from ny times: On Tina Fey’s NBC sitcom "30 Rock," recently, her character, the fictional NBC producer Liz Lemon, settles in with friends to watch the network’s "Salute to Fireworks" in Rockefeller Plaza. As marching-band music plays, they see explosions and smoke rising over a monolithic high-rise tower in New York. "Oh boy," Liz says dryly, "that’s going to scare a lot of people."
That is probably the first really funny 9/11 joke to appear on a prime-time network show, and the humor works because there is no need to explain why anyone would be scared. The scene combines the two latest, surprisingly effective twists in entertainment’s use of the terror attacks: Audacious sitcoms and sketches are occasionally turning them into hilarious comedies; dramatic films, from the smart little thriller "Civic Duty" to the Mark Wahlberg action movie "Shooter," are routinely taking what is best described as an unspoken 9/11 approach, referring to the events without using the actual words.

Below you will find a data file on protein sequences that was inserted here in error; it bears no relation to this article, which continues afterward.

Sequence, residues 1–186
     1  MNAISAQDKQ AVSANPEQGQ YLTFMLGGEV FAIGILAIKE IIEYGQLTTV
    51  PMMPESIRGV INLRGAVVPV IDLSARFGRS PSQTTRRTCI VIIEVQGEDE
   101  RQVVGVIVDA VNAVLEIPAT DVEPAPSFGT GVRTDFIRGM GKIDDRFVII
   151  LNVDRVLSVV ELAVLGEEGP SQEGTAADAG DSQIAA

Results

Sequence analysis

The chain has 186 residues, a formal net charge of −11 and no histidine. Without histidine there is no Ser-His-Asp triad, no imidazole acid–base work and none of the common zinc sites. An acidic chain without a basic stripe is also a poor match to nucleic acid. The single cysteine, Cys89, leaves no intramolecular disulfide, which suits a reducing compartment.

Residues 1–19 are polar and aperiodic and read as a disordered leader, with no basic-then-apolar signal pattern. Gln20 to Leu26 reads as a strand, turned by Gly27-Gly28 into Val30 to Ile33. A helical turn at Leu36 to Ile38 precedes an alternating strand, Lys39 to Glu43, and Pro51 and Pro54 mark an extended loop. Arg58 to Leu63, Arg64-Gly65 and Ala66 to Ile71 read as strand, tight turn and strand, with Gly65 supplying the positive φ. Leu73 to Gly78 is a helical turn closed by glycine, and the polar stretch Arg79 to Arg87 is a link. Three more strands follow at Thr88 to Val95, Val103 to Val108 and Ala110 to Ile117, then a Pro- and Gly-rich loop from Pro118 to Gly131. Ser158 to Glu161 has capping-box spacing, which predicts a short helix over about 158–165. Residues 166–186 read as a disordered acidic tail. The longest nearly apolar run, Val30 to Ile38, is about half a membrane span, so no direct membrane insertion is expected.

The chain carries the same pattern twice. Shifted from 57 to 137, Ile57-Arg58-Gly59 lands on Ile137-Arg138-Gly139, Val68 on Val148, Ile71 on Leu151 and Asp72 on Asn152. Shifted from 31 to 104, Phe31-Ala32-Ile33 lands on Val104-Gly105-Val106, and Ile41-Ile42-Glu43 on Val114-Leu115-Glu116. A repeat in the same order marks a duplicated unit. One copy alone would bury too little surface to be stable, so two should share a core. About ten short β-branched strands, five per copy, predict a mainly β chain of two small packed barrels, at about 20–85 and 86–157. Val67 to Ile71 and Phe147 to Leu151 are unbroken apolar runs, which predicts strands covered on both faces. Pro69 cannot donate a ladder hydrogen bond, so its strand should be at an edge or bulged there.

Allusions are cropping up more often because 9/11 and its aftermath — from color-coded terror alerts to removing shoes at the airport — have become part of ordinary life. But that is probably not the major reason. As the fallout from the attacks, bundled under the term "war on terror," became unquestionably politicized, the images of 9/11 also became less sacrosanct, fair game for mainstream entertainment.